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We were going at our Korean takeout with chopsticks, my boyfriend and I, when he looked up at me and exclaimed, ‘I have it – I know how attraction works!’
Although just then I wanted nothing more than to curl up next to him and fall asleep while watching The Apartment – you know, the 1960s romantic comedy starring Jack Lemmon and a butch-looking Shirley MacLaine – I considered indulging him. [private]But of course it was not my decision to make. He prattled on, not registering the look on my face that plainly said, ‘You don’t need to tell me; I’m a woman.’
‘The beauty of it is it has nothing to do with circumstance or luck. Attraction is not something you can decide to feel, though a relationship is something you may choose not to have,’ he said, slapping the table for emphasis. ‘Suppose we construct a graph. Plot the x-axis along degree of privacy from extreme emotional taking on the left to emotional giving on the right. We can only be attracted to someone who exists to our left on the scale at any given moment because humans only value those who are a little more mysterious, emotionally unattainable. For this intrigue value to have lasted between two people on, say, their eighth date, they need to be close enough to each other on the x-axis to keep each other guessing. For person B to consider A attractive, A needs to make B feel as if A is to B’s left, and vice versa. It’s subtle, but there should always be a healthy amount of uncertainty about exactly how much the other person likes you. So always open up to the person slowly, let the person put in the effort to unravel you.’
‘Yes,’ I said patiently. ‘Will you fetch us a blanket, darling, please?’
‘You aren’t listening,’ he said, getting up. His voice boomed from the bedroom. ‘Now plot the y-axis along self-esteem; it correlates positively with maturity. If you think about it, every other factor you can think of strongly correlates to either of these two parameters; for example, getting fired from your job messes with your self-esteem, and could set off a chain of events that makes you needier, in general a less attractive person, at least temporarily.’
‘You spend too much time intellectualising the obvious. You should try feeling a little,’ I said.
His face remained serious. ‘People with high self-esteem make a point of ignoring someone who has hurt them; those with low self-esteem try to make that person jealous. Now the intersection of the axes gives us four quadrants, each of which contains one of four basic types of human behaviour. Our mood and the specific relationship – with sibling, friend, lover, whoever – impact which quadrant we occupy at any given time, but we also have a steady state of being: the integral of reactions over each little moment.’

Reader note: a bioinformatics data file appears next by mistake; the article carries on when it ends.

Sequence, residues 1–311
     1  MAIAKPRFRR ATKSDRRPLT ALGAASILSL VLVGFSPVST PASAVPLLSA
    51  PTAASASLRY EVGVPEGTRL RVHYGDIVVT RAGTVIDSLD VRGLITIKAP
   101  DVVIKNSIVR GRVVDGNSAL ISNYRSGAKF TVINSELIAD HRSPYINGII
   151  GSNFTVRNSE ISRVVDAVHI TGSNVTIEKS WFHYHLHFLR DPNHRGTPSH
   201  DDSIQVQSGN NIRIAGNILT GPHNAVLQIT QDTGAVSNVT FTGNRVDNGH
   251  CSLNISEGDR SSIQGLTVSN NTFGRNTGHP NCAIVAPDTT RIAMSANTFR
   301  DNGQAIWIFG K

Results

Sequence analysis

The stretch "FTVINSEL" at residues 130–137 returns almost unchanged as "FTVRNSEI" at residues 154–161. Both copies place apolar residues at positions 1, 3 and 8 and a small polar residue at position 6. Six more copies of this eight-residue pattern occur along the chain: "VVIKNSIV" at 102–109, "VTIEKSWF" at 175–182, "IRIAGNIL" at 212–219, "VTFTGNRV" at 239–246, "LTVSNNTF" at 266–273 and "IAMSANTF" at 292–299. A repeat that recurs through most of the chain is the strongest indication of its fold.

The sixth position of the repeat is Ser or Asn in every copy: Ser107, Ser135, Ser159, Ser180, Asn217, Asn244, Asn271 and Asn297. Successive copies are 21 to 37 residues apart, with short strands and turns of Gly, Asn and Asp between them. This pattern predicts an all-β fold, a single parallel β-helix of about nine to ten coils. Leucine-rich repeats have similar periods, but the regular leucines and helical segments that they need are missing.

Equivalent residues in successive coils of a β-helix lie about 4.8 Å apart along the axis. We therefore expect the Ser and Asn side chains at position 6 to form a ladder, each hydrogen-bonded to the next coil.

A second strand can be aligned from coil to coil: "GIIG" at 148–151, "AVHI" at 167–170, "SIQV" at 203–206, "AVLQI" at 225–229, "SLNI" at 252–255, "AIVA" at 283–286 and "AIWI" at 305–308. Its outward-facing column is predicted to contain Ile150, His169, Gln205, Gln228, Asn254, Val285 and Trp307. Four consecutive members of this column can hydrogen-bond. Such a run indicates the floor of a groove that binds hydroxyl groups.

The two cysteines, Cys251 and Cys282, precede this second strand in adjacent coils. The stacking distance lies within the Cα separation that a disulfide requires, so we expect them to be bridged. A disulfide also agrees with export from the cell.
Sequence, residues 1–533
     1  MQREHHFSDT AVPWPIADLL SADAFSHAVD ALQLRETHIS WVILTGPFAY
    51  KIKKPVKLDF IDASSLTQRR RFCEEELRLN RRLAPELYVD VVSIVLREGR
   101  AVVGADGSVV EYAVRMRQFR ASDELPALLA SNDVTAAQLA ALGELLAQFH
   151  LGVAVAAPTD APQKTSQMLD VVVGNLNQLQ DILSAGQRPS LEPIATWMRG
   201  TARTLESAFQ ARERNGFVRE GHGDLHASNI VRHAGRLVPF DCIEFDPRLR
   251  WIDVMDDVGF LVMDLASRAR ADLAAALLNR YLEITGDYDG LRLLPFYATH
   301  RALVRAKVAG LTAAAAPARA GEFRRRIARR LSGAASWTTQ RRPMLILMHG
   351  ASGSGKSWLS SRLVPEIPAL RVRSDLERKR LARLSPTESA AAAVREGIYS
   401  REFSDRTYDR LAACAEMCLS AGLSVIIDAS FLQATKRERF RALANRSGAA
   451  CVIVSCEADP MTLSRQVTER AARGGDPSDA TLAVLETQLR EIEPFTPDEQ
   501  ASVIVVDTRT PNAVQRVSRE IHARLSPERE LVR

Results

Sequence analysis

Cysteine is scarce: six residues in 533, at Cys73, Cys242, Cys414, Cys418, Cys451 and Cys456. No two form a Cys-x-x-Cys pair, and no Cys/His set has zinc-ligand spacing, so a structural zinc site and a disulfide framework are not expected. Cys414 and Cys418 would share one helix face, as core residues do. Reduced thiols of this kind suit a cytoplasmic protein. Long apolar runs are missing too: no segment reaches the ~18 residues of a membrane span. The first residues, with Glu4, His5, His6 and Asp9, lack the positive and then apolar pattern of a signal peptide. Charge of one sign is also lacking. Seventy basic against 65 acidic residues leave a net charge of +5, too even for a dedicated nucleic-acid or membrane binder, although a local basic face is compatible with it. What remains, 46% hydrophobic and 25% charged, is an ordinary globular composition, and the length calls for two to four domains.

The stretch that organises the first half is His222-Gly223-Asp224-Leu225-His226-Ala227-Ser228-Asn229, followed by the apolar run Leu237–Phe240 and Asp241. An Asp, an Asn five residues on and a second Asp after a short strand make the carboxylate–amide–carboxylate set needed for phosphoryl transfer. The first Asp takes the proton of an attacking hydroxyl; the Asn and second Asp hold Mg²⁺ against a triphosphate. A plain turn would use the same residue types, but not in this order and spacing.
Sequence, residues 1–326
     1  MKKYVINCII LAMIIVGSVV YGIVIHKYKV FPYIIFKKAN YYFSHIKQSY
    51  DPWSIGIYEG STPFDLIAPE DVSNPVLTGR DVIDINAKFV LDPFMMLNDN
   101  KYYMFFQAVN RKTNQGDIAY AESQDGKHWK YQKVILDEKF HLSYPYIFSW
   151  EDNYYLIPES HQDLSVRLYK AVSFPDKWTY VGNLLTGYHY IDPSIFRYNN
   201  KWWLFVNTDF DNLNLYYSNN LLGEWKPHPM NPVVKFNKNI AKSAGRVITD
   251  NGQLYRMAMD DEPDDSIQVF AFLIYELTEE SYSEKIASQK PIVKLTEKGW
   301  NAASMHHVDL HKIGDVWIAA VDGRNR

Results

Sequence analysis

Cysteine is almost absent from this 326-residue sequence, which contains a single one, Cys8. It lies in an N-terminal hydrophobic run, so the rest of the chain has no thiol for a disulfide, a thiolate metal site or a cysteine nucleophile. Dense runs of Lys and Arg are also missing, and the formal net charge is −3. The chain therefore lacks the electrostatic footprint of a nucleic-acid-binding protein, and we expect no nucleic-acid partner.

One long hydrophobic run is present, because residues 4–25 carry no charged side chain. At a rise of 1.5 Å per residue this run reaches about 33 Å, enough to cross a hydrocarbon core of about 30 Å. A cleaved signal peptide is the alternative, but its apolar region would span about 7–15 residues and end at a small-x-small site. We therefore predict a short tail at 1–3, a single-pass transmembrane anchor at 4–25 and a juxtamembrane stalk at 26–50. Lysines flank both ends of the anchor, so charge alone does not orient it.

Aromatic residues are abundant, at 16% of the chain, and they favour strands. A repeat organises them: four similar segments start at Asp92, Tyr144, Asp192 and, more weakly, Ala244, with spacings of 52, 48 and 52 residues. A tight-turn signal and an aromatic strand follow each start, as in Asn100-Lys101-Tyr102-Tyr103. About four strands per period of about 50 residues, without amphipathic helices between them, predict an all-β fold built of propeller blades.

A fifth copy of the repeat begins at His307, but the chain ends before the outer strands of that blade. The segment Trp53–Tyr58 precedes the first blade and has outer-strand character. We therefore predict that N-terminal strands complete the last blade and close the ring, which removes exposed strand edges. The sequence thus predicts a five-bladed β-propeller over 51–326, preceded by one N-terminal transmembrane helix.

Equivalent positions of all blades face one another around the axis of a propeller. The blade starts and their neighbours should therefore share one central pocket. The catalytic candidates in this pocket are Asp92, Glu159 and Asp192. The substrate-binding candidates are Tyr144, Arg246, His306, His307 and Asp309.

I nudged us towards the couch as he continued, unmindful. ‘The first quadrant is largely the residence of the emotionally healthy, although there is such a thing as extreme giving and dangerously high self-esteem. But these folks know how to share, to communicate effectively; to be happy, with or without each other. This is the place every relationship should be in, but unfortunately most relationships function in the domain of the dysfunctional – the other three quadrants.”
I squeezed his arm under the blanket. He stroked my hair absently and said, “The second quadrant – if we do this clockwise – consists of givers with low self-esteem: needy people who constantly demand something in lieu of their giving. It only works out if their partner’s steady state also exists here. Do you realise that the phrase “opposites attract” is only partly true? All kinds of people attract each other, but for a relationship to function, you will both need to simultaneously co-habit any of these four quadrants!’
‘I know,’ I said. ‘But it almost never happens. We can’t escape our past. Our parents inflict the initial damage, and if we escape them, if by chance they happen to be good to us – like my parents were to me – our lovers will screw us up.’
He digested that slowly, perhaps suspicious of embedded barbs.
‘Yes,’ he said and continued:
‘Meanwhile the third quadrant is full of attention-seekers, again, either permanent or in the moment – takers with low self-esteem who seek affection from others on a continual basis because they cannot be happy with what they have. They are provoked easily but slow to acknowledge their faults; they cannot allow themselves to feel for anyone else for fear of becoming vulnerable. As for the fourth quadrant, it is the refuge of narcissists, people who are emotionally remote. They want love strictly on their own terms, and they will push people away, cut them off if the slightest demand is made.’
‘Like Zooey Deschanel’s character from (500) Days of Summer.’
He laughed. ‘That movie is for kids in middle school. I love how you get me.’
‘I love you,’ I said, a little sadly.
‘Let’s watch The Apartment,’ he said. ‘Shirley MacLaine is so hot.’[/private]
Vijay Parthasarathy was raised in India where he worked as a journalist for several years, before leaving to get a PhD at the University of Texas at Austin. While his current specialisation is in cultural globalisation, he has a first degree in Physics from St. Xavier’s College, Mumbai and a MA in Creative Writing from UEA. His fiction has appeared in the Penguin Book of New Writing from India.